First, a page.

With the understanding that NAD+ is crucial to energy production, cellular communication, mitochondrial function, and homeostasis, it would stand to reason that supplementing with a substance that increases NAD+ levels would benefit performance. A team of researchers set out to test this very same concept and see if the results matched the hypothesis.

For the study, researchers “enlisted” 18 Wistar rats and equally divided them into two groups that received either Niagen or “saline vehicle” at a dose of 300 mg/kg bodyweight per day for 21 days via gavage.[16] At the end of the 21-day administration protocol, both groups performed a swim test measuring performance.

In such a swim test, the researchers added weights to the rats (at a percentage of their body weight) and incrementally increased them until the rats could no longer swim or make it to the surface within 10 seconds three consecutive times. They then save the rats and write the time down. (Talk about training to exhaustion!)

The study’s Niagen results

There’s no way to sugarcoat this — the group receiving Niagen saw a 35% decrease in performance![16] Researchers hypothesized that the reason for the decreased performance was similar to what was observed by another team of researchers who also noted decreased performance following supplementation with nicotinic acid.[17,18]

As you can see from this graph, the group receiving Niagen demonstrated significantly lower performance in the swim test.[16]

In those studies, it was observed that nicotinic acid reduced exercise-induced increases in plasma free fatty acids — meaning it’s probable that NR decreases fatty acid oxidation during exercise resulting in premature fatigue. Furthermore, the redox abilities of NAD+ might also explain the decreased performance due to upsetting redox homeostasis.[19]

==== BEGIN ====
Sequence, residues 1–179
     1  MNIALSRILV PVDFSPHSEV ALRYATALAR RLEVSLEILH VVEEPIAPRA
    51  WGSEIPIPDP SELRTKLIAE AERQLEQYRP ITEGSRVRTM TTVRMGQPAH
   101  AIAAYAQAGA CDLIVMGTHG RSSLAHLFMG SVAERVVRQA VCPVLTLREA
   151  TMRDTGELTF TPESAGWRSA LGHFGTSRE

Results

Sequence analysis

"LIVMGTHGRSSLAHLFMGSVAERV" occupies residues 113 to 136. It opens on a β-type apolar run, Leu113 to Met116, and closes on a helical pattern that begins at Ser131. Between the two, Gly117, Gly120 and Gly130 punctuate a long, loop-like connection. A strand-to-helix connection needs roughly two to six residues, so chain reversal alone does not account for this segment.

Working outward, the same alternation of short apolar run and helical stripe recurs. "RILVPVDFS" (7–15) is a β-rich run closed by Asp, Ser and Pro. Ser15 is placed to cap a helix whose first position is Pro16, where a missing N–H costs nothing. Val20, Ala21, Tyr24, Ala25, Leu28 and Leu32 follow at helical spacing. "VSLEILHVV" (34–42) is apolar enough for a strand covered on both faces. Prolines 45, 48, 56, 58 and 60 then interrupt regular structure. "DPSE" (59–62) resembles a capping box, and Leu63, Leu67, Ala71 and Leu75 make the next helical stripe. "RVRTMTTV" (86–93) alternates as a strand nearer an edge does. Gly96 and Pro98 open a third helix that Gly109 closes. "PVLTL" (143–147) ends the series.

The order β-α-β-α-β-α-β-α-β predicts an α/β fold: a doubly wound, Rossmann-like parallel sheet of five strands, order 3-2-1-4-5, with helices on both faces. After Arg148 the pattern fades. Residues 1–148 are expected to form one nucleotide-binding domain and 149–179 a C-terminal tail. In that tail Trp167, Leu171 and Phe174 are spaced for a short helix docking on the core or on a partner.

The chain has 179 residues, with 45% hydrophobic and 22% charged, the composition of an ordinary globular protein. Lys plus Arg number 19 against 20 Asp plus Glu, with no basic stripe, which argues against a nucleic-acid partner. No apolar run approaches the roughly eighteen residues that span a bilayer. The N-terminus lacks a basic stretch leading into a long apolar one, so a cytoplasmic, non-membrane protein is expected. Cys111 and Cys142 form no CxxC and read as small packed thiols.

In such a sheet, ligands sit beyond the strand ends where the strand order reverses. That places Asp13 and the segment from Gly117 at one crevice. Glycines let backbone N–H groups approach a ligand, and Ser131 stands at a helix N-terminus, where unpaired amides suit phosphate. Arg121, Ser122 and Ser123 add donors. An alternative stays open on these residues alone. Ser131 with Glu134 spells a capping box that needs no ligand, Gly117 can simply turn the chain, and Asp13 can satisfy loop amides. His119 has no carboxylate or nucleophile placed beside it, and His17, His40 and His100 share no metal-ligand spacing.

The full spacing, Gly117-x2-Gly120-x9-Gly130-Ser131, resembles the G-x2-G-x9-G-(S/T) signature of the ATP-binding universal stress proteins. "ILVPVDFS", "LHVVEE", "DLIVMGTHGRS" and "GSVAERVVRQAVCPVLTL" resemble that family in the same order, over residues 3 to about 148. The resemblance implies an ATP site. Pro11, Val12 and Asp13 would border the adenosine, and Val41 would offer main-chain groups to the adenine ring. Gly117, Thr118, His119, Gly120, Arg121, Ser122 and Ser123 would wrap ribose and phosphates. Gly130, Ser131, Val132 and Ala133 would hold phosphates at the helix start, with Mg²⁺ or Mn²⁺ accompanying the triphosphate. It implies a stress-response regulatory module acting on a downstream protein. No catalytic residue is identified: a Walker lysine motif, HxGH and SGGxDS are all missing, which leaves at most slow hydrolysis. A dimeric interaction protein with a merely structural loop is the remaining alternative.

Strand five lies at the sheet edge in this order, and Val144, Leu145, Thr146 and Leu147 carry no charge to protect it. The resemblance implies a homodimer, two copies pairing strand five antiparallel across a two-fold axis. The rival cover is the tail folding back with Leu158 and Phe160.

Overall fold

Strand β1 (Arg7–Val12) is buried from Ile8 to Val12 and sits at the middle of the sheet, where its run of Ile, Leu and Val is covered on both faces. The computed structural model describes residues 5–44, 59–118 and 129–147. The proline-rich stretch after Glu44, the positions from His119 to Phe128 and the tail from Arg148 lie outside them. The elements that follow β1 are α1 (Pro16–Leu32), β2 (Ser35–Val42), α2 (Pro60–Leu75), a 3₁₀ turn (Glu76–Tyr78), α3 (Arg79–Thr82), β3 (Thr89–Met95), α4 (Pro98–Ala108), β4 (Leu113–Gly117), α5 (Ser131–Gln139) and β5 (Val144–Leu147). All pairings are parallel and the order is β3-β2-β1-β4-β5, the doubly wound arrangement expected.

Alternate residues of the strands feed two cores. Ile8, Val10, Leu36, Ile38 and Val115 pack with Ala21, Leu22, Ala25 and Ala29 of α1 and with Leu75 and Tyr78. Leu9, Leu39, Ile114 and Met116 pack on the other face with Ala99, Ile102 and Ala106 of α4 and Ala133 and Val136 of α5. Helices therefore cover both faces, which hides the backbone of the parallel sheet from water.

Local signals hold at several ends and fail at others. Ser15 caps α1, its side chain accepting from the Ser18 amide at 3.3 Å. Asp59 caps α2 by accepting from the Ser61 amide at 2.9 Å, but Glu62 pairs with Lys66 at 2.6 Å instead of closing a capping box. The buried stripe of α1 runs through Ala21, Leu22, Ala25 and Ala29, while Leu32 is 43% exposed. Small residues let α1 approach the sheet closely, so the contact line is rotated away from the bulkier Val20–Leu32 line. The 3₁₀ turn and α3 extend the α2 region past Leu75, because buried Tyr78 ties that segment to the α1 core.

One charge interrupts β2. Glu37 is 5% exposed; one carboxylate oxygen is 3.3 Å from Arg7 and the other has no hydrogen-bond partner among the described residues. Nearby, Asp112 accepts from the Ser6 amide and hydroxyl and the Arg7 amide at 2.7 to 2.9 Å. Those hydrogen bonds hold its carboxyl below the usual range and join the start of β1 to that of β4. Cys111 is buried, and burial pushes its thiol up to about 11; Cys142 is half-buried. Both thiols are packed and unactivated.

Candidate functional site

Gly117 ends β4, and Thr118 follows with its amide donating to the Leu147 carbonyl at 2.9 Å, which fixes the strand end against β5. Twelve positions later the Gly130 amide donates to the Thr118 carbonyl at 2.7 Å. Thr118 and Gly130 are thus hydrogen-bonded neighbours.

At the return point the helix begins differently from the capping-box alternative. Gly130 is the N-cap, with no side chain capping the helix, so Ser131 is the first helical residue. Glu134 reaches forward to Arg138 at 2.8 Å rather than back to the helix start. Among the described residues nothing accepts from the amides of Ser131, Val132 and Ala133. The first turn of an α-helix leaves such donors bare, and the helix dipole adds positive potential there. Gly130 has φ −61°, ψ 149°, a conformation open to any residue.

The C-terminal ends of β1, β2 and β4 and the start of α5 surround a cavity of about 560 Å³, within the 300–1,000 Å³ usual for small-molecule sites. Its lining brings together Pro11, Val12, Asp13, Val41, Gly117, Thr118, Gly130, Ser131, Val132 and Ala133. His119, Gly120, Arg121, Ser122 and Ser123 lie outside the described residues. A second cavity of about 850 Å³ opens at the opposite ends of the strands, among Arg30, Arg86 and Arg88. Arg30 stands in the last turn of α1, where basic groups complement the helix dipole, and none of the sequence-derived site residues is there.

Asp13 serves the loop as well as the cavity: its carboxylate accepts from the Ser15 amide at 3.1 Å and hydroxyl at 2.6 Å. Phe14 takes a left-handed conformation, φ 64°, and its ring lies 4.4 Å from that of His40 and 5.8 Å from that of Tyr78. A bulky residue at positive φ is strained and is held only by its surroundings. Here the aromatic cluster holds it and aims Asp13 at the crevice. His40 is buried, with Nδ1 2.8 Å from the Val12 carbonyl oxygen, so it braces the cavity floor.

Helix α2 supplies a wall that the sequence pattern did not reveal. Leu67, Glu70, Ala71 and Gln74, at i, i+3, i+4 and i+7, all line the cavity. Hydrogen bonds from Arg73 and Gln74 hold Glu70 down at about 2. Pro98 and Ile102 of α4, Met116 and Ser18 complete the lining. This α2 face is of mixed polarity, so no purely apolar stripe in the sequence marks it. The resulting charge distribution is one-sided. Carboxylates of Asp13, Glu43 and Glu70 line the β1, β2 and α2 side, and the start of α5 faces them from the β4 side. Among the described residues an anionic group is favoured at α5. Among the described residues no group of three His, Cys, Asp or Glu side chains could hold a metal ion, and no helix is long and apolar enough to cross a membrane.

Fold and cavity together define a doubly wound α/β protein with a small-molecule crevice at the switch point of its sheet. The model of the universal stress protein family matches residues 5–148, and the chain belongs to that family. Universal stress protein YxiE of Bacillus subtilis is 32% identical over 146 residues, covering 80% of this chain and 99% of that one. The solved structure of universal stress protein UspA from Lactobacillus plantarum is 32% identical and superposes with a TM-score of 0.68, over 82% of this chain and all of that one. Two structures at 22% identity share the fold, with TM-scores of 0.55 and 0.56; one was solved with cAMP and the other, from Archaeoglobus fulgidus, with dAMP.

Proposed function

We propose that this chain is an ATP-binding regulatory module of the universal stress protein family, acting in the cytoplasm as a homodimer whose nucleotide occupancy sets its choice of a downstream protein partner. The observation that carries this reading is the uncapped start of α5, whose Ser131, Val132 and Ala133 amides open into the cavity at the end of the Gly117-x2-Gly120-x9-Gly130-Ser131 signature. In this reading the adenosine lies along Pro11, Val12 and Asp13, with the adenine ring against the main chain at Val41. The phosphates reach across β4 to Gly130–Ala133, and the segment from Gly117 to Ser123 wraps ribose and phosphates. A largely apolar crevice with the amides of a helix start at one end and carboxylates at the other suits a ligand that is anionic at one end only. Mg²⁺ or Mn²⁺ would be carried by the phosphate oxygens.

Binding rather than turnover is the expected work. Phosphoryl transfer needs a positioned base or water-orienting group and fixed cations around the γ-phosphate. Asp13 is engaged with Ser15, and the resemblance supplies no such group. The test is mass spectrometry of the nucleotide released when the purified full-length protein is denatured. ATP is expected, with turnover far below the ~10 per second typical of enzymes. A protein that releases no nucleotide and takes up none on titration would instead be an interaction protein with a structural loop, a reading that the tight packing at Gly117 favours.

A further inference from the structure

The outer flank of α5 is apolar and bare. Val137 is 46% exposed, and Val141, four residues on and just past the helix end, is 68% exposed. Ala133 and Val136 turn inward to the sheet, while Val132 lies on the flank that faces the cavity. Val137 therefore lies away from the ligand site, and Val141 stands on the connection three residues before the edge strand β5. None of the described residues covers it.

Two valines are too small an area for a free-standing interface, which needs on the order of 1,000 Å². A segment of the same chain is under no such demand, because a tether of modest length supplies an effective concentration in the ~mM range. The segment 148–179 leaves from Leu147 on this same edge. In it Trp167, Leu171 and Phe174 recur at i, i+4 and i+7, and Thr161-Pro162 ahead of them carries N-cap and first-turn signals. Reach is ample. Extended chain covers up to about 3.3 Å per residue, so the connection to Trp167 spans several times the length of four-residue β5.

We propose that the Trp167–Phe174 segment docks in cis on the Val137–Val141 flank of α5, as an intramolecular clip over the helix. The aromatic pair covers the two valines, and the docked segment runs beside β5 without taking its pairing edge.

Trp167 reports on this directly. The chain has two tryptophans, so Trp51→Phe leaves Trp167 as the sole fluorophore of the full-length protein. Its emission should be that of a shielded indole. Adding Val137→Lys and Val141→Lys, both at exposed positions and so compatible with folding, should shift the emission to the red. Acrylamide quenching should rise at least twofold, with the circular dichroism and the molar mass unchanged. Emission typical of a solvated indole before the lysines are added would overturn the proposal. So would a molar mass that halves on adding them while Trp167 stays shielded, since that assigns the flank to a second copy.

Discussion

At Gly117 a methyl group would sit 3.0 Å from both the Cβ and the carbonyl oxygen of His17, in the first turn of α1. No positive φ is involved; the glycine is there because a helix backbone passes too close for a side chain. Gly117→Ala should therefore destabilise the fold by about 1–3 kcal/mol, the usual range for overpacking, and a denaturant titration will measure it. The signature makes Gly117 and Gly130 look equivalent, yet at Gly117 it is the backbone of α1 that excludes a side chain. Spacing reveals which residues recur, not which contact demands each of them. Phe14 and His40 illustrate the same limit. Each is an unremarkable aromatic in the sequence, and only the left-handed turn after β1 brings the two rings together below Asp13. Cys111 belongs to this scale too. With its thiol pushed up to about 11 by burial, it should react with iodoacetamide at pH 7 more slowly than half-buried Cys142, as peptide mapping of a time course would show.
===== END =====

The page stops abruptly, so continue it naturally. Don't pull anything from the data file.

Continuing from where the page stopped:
Takeaway: Human Research is definitely needed

By no means is this the final nail in the coffin for Niagen. But it’s a critical piece of research for some who may be interested in taking it for performance-based reasons. To date, a vast majority of the research has been conducted on animals (i.e. rats) with only a few conducted with humans. There are other trials currently underway using humans that will test performance among other metrics.

Niagen may have some beneficial qualities in terms of overall health and fighting the effects of oxidation and aging, but like most antioxidants, it’s best advised to not take them within a couple hours of your workout.

If you do want to compare prices anyway, a popular Niagen product is HPN’s N(R).

About the Author: Mike Roberto

Mike Roberto

Mike Roberto is a research scientist and water sports athlete who founded PricePlow. He is an n=1 diet experimenter with extensive experience in supplementation and dietary modification, whose personal expertise stems from several experiments done on himself while sharing lab tests.

Mike's goal is to bridge the gap between nutritional research scientists and non-academics who seek to better their health in a system that has catastrophically failed the public.

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  15. Trammell SAJ, Schmidt MS, Weidemann BJ, et al. Nicotinamide riboside is uniquely and orally bioavailable in mice and humans. Nature Communications. 2016;7:12948. doi:10.1038/ncomms12948.